Date first posted: December 2007
Date most recently updated: December 2007


Once upon a time and a very good time…

James Joyce’s classic novel A Portrait of the Artist as a Young Man is being brought to the stage by the Department of English Language and Literature in C Block Auditorium, 13, 14, 18 December. "The Salvation of Stephen Dedalus," a play written and directed by Assoc. Prof. Don Randall. Based on James Joyce’s 1916 semi-autobiographical novel, A Portrait of the Artist as a Young Man tells a coming-of-age story about a young artist’s growth to maturity and adult reasoning, while highlighting the conflicts between the protagonist and the society in which he is raised. Central to the plot is Stephen Dedalus’ rebellion and rejection of the Catholic Church. The play takes place in Dublin, in the last years of the nineteenth century. Stephen Dedalus' schooldays are described, along with some parts of his family life. The play shows scenes of his puberty, together with his adult sexuality. Stephen's temporary yet fiercely experienced interest in becoming a priest is firmly examined. The play ends with Stephen's university graduation and his decision to leave his native land for the sake of a successful career as an artist. The title character Stephen Dedalus is played by ELIT senior student Berat Melih Kalender, with Assoc. Prof. Don Randall as his father and Asst. Prof. Patrick Hart in the role of James Joyce. Throughout the play Joyce and Stephen in dream like moments connect which brings out an extraordinary taste to the play.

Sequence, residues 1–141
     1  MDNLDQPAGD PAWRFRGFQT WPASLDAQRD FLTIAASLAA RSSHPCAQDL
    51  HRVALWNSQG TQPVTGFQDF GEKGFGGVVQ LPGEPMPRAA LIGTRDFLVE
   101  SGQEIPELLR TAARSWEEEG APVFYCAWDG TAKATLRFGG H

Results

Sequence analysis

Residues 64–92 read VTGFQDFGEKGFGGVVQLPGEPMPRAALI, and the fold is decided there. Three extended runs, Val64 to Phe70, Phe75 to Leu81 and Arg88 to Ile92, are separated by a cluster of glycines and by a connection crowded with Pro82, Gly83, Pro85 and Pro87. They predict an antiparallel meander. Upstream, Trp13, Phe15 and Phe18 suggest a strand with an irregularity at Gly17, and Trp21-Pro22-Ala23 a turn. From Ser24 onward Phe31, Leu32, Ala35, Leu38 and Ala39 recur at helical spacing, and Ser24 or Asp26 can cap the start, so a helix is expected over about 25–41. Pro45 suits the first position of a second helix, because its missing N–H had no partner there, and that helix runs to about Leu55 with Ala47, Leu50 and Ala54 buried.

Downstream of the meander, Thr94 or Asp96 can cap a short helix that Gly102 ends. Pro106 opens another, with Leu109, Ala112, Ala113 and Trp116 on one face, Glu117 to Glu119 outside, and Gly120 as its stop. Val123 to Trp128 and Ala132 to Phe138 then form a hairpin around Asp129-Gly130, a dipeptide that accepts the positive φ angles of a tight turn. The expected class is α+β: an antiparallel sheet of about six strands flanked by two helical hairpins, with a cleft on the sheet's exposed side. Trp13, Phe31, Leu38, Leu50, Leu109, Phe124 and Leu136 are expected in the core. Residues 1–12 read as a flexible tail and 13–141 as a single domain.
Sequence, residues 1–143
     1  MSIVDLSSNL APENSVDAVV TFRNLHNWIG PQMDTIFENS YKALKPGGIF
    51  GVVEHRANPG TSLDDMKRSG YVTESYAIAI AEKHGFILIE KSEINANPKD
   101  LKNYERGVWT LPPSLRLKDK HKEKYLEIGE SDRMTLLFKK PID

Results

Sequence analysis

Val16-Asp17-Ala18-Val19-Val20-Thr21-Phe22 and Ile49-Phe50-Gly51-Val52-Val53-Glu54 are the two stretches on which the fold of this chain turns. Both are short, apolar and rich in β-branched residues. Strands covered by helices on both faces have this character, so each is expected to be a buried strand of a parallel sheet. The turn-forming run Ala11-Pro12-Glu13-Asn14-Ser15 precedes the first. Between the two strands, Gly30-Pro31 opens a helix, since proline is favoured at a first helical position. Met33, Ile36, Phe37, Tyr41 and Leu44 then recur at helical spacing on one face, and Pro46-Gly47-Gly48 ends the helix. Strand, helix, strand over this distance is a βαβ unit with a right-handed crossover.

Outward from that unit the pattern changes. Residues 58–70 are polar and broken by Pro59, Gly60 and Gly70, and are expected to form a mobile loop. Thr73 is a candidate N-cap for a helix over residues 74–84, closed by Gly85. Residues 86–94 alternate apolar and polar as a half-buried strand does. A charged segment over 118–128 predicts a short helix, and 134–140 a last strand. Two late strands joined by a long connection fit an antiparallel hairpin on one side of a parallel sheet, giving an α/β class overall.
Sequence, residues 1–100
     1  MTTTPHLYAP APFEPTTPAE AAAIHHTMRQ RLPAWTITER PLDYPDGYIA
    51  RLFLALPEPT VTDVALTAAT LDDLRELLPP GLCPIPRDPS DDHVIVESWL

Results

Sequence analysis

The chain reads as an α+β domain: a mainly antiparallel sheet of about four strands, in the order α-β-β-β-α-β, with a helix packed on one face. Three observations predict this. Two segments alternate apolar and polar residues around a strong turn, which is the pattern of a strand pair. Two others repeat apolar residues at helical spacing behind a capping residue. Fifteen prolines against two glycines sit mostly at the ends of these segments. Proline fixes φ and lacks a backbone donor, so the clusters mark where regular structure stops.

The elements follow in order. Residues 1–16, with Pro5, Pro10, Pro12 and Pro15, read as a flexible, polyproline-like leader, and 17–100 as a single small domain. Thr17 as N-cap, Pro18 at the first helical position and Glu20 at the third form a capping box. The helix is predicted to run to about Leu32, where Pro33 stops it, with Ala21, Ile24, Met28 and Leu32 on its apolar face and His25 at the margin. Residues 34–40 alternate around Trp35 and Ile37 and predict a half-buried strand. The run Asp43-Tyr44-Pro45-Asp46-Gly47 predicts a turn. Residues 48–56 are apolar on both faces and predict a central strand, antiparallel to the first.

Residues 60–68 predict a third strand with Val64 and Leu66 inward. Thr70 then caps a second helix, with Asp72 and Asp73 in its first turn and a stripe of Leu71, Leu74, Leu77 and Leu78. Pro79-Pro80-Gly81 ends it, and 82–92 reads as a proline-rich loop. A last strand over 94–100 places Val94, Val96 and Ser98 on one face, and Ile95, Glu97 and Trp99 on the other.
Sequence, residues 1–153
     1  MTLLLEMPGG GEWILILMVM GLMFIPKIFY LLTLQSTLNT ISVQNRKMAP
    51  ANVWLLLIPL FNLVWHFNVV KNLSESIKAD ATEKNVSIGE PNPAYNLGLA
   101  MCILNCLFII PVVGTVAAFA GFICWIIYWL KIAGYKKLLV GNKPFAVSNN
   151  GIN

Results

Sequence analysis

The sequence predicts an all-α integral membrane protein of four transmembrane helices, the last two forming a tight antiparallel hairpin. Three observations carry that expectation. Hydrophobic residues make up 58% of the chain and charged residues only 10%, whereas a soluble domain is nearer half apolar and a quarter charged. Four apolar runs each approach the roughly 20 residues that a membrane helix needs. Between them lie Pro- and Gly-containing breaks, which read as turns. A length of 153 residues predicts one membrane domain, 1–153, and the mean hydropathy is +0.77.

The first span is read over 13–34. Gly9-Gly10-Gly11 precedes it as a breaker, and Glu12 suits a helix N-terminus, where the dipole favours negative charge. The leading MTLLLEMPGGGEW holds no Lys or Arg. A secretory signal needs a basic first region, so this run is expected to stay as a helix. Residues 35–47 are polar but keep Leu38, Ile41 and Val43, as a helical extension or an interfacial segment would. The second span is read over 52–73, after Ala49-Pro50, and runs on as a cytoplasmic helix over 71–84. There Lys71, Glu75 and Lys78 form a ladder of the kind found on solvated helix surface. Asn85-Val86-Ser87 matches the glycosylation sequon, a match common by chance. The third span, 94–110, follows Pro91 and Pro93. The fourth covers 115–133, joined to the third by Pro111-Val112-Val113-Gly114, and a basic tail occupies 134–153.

It is always a challenge to adapt a well-known novel for the stage and make it accessible to an audience. However, Don Randall’s adaptation concisely captures the narrative and successfully condenses the action into a self-contained play. The production does not rely on theatrical techniques, such as physical theatre and sound effects, to breathe life into the content. The strength and beauty of the language is not damaged by overused techniques, the dialogue and the potential impact of Joyce’s classic are well reflected. There is nothing to cloud the originality of the text.
Don Randall’s interestingly cross-gender portrayal of the characters brings out an avant garde taste to the play. Most of the schoolboy roles are played by young women. Only the hero Stephen, who is played by Berat Melih Kalender, remains the same while the other cast members switch between roles, which is sometimes confusing as transformations come quickly and it is often unclear who’s who.
            The play shows me that the integrated use of physical theatre is not always necessary. To put this comment into context; the language alone paints the horrific picture of hell and, therefore, the actors need not enact flames. The audience is encouraged to engage their imagination.  But for some parts, I find myself willing the actors to play with the language a bit more: to enjoy the words.